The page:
Tuesday, October 25, 2011

DIY: Not your every day headboard

As you may remember, I think I have been a DIY'er ever since I was born - well maybe since I learned how to use power tools in junior high.  The internet has greatly helped my abilities and spawned many a new ideas.

When we first got married, I made several pieces of furniture for our apartment because we were dirt poor and couldn't buy anything because I had so much extra time on my hands being a med student and all.  I made a headboard, bench for end of bed, and a banquette.  The headboard was recovered a few years later when I changed out the duvet cover.  And now I have redone it again.  But a bit different.

The first version was just a piece of plywood covered with batting and a blanket then framed out with trim.  The second version lost the frame and was covered in a deep chocolate brown and had 3 buttons (no picture).

And now it is a woven headboard.  I got the starter idea from Lowes creative ideas website.  But I wanted to change it up a bit. (UPDATE - Lowes removed the page that spurred my idea)

And here is how I made it  for a queen size (bit different than the Lowe's directions).
What you need: 8ft sheet 1/4" plywood, 2 pieces 1X4 by 6' wood, fabric (I used 3 yds cream corduroy and 2/3 yd orange/cream pinstripe), batting (I reused what was on the old headboard)

1. 1/4" plywood - cheapest one I could find.
2. Had Lowes cut it into 9.5" strips length wise
3. I then cut 3 long strip into 2 pieces - 62" which left 34" pieces for the short pieces
4. Cut another long strip into 2 additional 34" strips (total of 3 long and 5 short pieces)
5. Used spray adhesive and attached 1" (can't use much thicker or it's too hard to weave the boards together) batting strips to wood.
6. Cut strips of fabric 14" wide and 66" or 38" long.
7. Covered batting with strips of fabric.  Secured undersides using wood glue (tried spray adhesive, glue gun, and staples (too long and went through board) but surprisingly wood glue worked the best).
Glued on batting
8. Pulled fabric taut - this is where the wood glue was the best.  I secured one long edge and then the next.  Went back to first long edge (glue was tacky but not dry) and readjusted by pulling more taut.  Repeated on the second edge - got a really nice tight wrap on the fabric and when glue dried I could not pry up fabric without ripping -so pretty darn secure.  Don't secure ends yet.

Fabric wrapped
9. Now time to weave the boards (trying to do this from memory because the directions are no longer on the Lowes site).
- Place the 3 long boards face down next to each other.
- Start with the middle short board face down and weave into long boards - i made it so the 2 outer and 1 middle boards (in white in picture below) had their ends on the right side of the headboard.
- I vaguely remember having to weave through the top and middle long boards with all of the short boards and then adding the bottom long board last.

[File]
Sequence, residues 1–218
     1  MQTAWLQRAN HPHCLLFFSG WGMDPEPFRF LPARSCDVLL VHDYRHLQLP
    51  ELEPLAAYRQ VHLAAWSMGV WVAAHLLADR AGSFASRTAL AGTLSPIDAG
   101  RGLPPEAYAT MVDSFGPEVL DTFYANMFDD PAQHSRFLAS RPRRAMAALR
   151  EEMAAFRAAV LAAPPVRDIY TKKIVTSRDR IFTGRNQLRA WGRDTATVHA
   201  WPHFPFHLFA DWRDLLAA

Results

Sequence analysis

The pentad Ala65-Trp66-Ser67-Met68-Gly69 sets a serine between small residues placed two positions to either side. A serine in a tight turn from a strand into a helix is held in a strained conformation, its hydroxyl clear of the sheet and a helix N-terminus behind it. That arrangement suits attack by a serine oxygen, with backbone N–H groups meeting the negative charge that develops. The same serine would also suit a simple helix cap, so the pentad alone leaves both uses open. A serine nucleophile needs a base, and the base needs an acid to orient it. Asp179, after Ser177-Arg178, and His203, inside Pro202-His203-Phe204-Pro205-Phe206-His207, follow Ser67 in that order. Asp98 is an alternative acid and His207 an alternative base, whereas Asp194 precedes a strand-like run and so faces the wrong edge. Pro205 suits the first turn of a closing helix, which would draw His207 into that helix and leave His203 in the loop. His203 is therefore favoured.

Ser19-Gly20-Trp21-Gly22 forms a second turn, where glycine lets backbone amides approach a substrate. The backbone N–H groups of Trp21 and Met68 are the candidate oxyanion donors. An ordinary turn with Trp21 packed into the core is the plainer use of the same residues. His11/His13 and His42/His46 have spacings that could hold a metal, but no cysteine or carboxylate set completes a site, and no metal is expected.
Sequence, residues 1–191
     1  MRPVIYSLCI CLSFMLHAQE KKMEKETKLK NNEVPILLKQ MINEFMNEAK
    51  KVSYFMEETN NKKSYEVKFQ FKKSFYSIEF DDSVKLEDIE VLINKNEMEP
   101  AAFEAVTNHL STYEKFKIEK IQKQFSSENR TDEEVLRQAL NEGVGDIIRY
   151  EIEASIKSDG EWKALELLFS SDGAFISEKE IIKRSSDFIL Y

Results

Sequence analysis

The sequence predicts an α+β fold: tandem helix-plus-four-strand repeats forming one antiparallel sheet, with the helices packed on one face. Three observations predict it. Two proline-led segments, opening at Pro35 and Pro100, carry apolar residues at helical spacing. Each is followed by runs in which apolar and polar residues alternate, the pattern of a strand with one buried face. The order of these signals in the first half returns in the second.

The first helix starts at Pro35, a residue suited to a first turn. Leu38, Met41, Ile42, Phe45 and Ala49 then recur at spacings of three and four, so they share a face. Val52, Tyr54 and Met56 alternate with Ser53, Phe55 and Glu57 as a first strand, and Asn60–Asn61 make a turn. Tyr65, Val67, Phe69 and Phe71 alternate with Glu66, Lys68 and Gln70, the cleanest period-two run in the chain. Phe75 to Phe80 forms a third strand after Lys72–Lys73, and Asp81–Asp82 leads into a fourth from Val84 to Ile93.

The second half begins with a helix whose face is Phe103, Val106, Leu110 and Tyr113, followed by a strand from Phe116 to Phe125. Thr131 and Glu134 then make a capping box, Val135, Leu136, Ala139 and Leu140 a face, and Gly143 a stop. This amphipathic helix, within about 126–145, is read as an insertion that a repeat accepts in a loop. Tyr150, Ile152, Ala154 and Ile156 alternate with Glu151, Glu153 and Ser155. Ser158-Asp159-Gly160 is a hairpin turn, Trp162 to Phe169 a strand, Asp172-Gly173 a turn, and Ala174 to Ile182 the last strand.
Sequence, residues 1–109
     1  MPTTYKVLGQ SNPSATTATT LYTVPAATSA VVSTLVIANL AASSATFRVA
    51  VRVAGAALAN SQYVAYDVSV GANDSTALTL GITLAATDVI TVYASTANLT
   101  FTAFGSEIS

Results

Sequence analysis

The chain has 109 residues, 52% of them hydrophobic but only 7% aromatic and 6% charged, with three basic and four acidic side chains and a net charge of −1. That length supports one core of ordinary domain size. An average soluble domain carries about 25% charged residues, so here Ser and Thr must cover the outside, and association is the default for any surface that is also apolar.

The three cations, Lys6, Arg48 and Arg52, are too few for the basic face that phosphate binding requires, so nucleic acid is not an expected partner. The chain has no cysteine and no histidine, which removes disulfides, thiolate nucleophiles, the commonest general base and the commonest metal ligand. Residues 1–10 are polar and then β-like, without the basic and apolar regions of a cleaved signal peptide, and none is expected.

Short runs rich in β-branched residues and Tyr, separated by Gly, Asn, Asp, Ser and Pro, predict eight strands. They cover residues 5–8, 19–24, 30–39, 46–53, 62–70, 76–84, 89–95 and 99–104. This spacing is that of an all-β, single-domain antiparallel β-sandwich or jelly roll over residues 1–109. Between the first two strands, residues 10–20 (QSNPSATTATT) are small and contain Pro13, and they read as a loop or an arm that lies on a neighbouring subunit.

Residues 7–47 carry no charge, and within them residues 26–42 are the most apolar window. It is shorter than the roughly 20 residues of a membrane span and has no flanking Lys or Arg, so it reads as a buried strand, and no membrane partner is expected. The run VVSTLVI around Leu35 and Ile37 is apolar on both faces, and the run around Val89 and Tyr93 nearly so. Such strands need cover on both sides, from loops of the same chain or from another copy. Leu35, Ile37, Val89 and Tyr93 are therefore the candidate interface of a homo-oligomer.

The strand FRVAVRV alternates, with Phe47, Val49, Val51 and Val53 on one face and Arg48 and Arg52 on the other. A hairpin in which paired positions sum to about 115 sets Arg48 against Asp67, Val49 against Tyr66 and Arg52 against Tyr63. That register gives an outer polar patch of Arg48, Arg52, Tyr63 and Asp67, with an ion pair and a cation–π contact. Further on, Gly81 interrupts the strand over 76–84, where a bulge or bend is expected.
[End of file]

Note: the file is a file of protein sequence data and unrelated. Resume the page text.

- Sorry I can't remember this part very well - never thought to copy the Lowes directions down.
- I think when I made the mistakes with this step had to do with the outer short pieces and having them opposite of what they needed to be.
10. Make sure everything is square board by board- truly important step.


11. I attached boards together with screws instead of glue - much easier and less wait time.  I used whatever screws I could find laying around the workbench.  Some were 3/8" long (had to pull out batting so that it would secure into 2nd board) and some were 5/8" - left batting and sometime put extra fabric as spacer so it wouldn't puncture all the way through.
12. Folded over and stapled remaining ends of fabric.  I pulled it taut or smoothed out any wrinkles that may have developed from the weaving step.  I folded the long ends first.  Then wrapped the short ends over it to give it a nice finished look.
Stapled Fabric

Wrapped edges after weaving boards together








12. Made frame from 1x4.  Cut each piece at 19" so I had 2x19" pieces and 2x41" strips.  Again different than Lowes.  I glued the pieces together and then stapled them at the joints on both sides.  The staples don't really add much but I didn't have to wait for the glue to dry.


13.  Attached frame to headboard with screws (didn't use spacer strips like Lowes as this frame is mounted on wide side of frame boards instead of edges -didn't want it to stick out from wall so much and don't think they will warp too much).  Stand it up and make sure it is level - so even if the head board (or frame) is just a bit off square (not noticeably so) you can tweak the frame just a bit to account for this so that in the end it is level.

14. I found where the studs were on the wall I was going to hang it on (usually 16" apart) and then made sure my D-rings were mounted on the frame at the points where the studs were so I didn't have to use anchors.  This was easy for me because the studs were perfectly centered around the center of the wall I was hanging it from.
15.  Attached 2 d-rings to frame.
16. Placed a screw into each stud (I think I used 2" long screws -again whatever I had in the garage) don't screw in all the way - I left about 3/4" out of the wall.

Frame attached
17. Hang on wall. (Ignore the white spots on wall from old headboard - I forgot to account for the drop in height from D-rings so now I need to paint the wall to cover old holes.)


Finished product
And those are DIY lamp shades and nightstand boxes.  I took the photos that are above the bed.

Thursday, October 20, 2011

To be a Lute...

I think once upon a blog post, I said I would tell you how I ended up at the college that I did.  As with most things in my life, it has a bit of a funny story to it.